March 29, 2011

The things I do for a milkshake

In just a few days, I'll be running a half marathon. I can't believe the race is finally here and I've actually volunteered and paid money to run 13.1 miles. I don't know what I was thinking.

My last couple of runs have not gone well, even though last time I planned better, and I am not confident about being able to handle 13 miles. My longest run ever was 10 miles - over two weeks ago - and I haven't been able to run that far again since. I'm not setting any time goals for this race. My only goal is to finish it. There will be at least 1,000 runners, and I'm hoping to finish in the top 900. I know I'm being a downer, but I'm just ready to get this over with and stop worrying about it. The fear of failure has kept me from doing a lot of things in my life. This isn't one of them, but that doesn't mean I'm looking forward to it either.

April is going to be a big month for me. I'll run my first (possibly only) half marathon. I'll turn 30. I'll celebrate three years with my husband, and I'll take my dream vacation to Maui. I'll also celebrate four years at my job, which I'm very proud of. So no matter what happens Saturday, I'm happy with where I am and what I've accomplished. Whether I cross the finish line with a smile on my face or hurl on my shoes, this little journey has been good for me. I've incorporated exercise into every single day, which is something I never thought I would do. I run, I terrify my dog with walking lunges, I ride my bike and I jump rope without a jump rope with Jillian Michaels. I do something to work up a sweat every day, even if it's just a quick 20 minutes for crunches and push-ups. I'm getting healthier, and I feel better. And most importantly, I can wear (most of) my pants again AND sit down in them.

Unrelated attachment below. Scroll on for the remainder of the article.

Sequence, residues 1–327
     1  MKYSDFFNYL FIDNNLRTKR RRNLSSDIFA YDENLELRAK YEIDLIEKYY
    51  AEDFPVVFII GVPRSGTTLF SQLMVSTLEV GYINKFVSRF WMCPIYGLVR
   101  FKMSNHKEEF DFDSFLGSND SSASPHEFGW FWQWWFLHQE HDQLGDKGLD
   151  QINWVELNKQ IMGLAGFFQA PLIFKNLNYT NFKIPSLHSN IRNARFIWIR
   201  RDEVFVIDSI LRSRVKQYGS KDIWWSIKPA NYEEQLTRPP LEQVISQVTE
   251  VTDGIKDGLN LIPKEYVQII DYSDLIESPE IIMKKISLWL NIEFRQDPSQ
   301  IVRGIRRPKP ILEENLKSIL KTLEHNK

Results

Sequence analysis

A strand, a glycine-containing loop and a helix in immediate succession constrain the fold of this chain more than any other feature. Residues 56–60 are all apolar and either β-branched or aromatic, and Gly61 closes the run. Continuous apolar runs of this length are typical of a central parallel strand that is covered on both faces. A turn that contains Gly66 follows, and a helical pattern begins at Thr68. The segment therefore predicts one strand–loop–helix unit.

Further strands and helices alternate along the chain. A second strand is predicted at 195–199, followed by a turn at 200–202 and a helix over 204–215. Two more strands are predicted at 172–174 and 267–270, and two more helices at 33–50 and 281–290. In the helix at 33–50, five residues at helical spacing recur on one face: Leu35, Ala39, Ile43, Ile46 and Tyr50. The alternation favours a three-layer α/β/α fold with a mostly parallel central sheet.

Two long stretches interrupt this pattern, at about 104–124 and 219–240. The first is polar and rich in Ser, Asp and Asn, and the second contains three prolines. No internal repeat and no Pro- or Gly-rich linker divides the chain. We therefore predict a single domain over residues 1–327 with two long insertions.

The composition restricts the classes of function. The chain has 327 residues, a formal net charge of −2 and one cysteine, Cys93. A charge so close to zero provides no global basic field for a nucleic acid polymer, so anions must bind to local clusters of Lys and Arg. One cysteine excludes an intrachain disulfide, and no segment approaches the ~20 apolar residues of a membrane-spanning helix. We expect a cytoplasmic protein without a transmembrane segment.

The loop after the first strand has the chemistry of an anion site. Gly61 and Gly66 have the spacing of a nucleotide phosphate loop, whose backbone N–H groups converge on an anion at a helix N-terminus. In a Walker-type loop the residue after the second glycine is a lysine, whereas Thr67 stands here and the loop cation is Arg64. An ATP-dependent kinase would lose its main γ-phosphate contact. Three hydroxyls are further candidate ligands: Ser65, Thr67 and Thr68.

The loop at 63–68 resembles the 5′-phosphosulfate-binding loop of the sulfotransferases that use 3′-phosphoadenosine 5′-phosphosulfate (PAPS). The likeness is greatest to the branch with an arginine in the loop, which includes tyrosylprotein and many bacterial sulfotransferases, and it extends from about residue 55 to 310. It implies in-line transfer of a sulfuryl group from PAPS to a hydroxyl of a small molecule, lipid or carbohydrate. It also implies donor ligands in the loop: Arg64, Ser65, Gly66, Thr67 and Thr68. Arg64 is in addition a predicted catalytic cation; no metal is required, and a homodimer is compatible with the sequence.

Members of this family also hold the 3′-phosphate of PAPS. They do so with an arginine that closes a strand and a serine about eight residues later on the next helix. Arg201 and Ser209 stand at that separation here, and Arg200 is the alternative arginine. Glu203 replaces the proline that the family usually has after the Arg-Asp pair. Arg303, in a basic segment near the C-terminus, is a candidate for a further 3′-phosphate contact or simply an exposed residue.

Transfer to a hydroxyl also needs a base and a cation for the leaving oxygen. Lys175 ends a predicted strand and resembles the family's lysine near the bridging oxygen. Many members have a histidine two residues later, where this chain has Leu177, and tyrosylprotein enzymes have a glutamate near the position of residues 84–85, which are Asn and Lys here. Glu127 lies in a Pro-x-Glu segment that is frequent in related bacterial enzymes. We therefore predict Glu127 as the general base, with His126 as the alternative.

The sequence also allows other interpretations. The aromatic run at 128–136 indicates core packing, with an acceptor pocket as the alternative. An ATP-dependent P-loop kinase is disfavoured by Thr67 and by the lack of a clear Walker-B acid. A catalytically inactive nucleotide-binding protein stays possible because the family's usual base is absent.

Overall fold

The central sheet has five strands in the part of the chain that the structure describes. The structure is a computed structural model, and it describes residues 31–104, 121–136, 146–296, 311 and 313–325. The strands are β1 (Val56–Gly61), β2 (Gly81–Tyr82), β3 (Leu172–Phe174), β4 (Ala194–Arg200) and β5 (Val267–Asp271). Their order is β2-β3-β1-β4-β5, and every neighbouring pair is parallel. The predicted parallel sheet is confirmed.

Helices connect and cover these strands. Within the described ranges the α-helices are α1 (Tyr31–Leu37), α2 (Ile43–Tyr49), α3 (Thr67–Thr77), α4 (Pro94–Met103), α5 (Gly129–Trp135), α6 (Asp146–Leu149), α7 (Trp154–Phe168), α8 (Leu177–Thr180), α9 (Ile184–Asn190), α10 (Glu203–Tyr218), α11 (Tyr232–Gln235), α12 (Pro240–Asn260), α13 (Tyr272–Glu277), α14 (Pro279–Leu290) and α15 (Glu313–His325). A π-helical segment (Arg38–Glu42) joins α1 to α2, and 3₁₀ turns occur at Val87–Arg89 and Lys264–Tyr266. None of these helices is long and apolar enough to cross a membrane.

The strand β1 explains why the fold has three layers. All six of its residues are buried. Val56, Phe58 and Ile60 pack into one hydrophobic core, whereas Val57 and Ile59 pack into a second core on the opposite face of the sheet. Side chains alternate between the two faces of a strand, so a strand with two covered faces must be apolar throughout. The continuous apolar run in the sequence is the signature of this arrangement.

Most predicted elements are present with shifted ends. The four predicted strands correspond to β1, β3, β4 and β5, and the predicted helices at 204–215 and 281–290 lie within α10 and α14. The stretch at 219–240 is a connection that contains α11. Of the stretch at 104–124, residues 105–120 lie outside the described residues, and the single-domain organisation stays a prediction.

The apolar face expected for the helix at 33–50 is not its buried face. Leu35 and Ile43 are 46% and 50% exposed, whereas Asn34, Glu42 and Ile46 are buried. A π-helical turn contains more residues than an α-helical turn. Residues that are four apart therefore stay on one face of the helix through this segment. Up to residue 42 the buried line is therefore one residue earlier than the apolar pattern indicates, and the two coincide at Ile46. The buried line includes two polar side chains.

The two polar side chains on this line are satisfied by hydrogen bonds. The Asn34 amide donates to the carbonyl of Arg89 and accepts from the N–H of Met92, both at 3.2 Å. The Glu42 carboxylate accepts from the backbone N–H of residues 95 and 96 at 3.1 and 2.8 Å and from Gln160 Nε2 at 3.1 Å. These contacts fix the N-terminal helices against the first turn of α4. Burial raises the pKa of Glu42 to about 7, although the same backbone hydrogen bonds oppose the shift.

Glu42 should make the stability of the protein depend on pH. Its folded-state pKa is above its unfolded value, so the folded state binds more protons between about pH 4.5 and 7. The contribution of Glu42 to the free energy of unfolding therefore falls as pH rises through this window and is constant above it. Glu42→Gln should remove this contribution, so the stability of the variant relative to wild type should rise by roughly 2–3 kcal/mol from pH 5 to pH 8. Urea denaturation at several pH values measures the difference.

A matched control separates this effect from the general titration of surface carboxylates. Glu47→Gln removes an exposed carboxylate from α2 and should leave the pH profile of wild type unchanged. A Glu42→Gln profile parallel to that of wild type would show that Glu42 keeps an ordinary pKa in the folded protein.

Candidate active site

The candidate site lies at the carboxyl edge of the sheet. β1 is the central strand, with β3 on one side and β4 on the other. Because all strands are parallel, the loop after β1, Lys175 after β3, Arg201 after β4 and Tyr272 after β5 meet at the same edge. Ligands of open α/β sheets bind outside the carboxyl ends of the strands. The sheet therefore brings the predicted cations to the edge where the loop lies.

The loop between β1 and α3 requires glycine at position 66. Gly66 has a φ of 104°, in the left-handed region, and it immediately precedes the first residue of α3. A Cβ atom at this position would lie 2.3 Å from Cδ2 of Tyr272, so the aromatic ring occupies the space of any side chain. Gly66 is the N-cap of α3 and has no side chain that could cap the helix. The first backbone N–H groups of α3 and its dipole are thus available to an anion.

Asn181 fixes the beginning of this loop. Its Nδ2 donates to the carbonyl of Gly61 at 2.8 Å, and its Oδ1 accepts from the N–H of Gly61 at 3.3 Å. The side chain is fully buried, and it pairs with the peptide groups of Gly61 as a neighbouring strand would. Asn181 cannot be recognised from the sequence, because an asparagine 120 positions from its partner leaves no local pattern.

I've also become more conscientious about my diet. When you're training, you can't eat tacos and then go for a run. Trust me; I know. It ends badly. Things that may taste good no longer make me feel good. I'm eating better so I'll have the fuel I need to run and making sure I'm not taking in things that will leave me sluggish. I haven't given up pizza, but I've cut back to once a week, and I feel sufficiently guilty about it. However, when I finish this race, I am going straight to Chick-Fil-A and treating myself to a banana pudding milkshake that I've been hearing such wonderful things about. And I will happily drink all 780 calories of it.